While trying to find documentary evidence that would confirm or disprove this hypothesis, he unexpectedly found that the average level of IQ of humanity as a whole, regardless of race, steadily increases by about three points in ten years.

To his surprise, almost no one except him paid attention to this.

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"It struck me that psychologists aren't jubilant about this," says Flynn. After all, we were talking about serious jumps in the level of intelligence - the Dutch, for example, added as much as 20 points in the period from 1934 to 1964.

However, even those who conducted intelligence tests overlooked this phenomenon. "The results were in front of their noses, but they just didn't notice them."

Psychologists have long known that genes have a significant influence on the level of intelligence, and that their role only grows with age.

In kindergarten, genetic features do not really matter; for the formation of a child at this age, it is much more important that parents talk to him, read to him and teach him various skills - for example, counting.

Studies of twin pairs indicate that in preschoolers, genes are responsible for about 20% of differences in intelligence.

As we grow older, we begin to think for ourselves, and parental influence on us weakens. We spend most of our time in school, and it is school that shapes our intelligence - depending on our genetic potential.

Due to our genetic predisposition, we ourselves can find additional ways to stimulate the mind: choose more intellectual activities, join a book club, or qualify for a class with advanced mathematics. And this, in turn, will increase our level of intelligence.

We are gradually starting to create our own niche that reflects our genetic potential. However, this does not mean that the family no longer plays any role in our development: the choice of school and the size of the home library are of no small importance.

Do not underestimate the influence of random factors - the loss of a job or a personal tragedy can negatively affect the level of our intellect.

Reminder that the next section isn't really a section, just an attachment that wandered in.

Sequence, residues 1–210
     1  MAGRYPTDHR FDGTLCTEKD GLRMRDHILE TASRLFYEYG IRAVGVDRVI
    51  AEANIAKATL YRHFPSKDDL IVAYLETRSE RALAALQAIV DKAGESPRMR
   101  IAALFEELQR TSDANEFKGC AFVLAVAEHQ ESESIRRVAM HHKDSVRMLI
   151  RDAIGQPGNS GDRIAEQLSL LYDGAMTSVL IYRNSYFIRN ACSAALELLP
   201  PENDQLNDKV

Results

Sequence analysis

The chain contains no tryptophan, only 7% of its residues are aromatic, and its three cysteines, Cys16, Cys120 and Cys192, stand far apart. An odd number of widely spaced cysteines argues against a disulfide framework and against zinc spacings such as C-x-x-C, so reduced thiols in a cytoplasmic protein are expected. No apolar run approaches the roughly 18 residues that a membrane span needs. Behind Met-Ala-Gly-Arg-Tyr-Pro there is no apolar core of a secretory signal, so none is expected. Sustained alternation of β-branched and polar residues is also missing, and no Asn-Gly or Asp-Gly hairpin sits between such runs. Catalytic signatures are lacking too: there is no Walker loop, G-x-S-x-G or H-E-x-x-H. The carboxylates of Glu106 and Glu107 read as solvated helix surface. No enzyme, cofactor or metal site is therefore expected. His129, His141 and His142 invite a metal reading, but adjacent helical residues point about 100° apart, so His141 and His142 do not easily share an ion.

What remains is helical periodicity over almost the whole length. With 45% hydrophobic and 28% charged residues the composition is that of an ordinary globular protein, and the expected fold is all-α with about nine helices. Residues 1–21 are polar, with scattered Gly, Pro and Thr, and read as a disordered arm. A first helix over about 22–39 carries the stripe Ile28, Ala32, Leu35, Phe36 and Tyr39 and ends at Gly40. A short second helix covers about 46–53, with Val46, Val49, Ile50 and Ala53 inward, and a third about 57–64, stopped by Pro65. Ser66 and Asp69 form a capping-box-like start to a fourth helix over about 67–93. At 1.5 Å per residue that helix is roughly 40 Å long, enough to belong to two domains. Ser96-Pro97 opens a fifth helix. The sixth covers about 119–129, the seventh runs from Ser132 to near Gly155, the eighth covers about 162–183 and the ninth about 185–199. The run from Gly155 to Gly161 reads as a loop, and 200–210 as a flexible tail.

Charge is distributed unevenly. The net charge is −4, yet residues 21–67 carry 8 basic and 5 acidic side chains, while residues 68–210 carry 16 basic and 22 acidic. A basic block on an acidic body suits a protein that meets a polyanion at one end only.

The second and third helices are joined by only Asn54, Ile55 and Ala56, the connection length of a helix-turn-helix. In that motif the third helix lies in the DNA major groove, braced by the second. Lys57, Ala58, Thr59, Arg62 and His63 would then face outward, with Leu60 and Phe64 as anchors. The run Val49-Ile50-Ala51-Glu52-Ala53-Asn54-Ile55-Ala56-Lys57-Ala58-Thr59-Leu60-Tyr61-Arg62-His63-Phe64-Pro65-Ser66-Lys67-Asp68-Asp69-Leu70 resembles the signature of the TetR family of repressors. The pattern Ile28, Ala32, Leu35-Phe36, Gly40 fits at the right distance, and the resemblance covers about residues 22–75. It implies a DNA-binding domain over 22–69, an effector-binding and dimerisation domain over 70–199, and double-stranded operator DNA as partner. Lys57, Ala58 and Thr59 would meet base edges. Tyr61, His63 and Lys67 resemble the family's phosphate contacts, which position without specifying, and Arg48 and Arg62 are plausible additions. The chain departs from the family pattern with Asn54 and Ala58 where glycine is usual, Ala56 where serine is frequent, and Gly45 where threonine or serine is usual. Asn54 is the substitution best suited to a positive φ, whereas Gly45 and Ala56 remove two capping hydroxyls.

However, in general, about 80% of the intelligence of an adult is determined by genes.

Image copyright, Getty Images

Image caption,

The increase in IQ was too fast to be attributed to genetic changes - so what happened?

Yet the increase in IQ levels described by the Flynn effect was too rapid to be attributed to genetic changes, since evolutionary changes in genes take thousands of years.

So what is the reason? The psychologists were confused.

"They got too used to the idea that intelligence changes very slowly, and just didn't notice what was going on in front of their eyes," says Flynn.

Actually, the answer is not so difficult, if we think of another parameter that has been gradually changing over the past decades - our growth.

The idea that tall parents give birth to tall children sounds quite logical - it is undoubtedly the work of genes.

However, if we compare several generations, it will be found that our growth significantly exceeds the growth of our ancestors. And not because of changes in the genes, but because modern life, with its high level of medicine and quality nutrition, has given us the opportunity to grow.

Flynn and his colleague William Dickens suggested that similar changes occur with our intellect due to the growing demands placed by society on the mental abilities of the individual.

The intelligence test measures a range of parameters such as vocabulary size, spatial reasoning, abstract reasoning and information classification.

Taken together, these skills reflect "general intelligence". And although we are not specifically taught them, modern education instills in us the ability to view the world more abstractly, which helps us score higher on an intelligence test.

In elementary school we are taught to look at life through the prism of natural phenomena and physical laws - we gradually begin to classify objects and phenomena and apply the rules of logic. It is these abilities that are required in order to correctly answer many questions in an intelligence test.

The more we teach children to look at the world through these "scientific glasses," the higher their scores, says Flynn: "Society's demands on the individual change over time, and the individual has to adapt."

Image copyright, Getty Images

Image caption,

Western education teaches us to look at the world through "scientific glasses" we can think differently.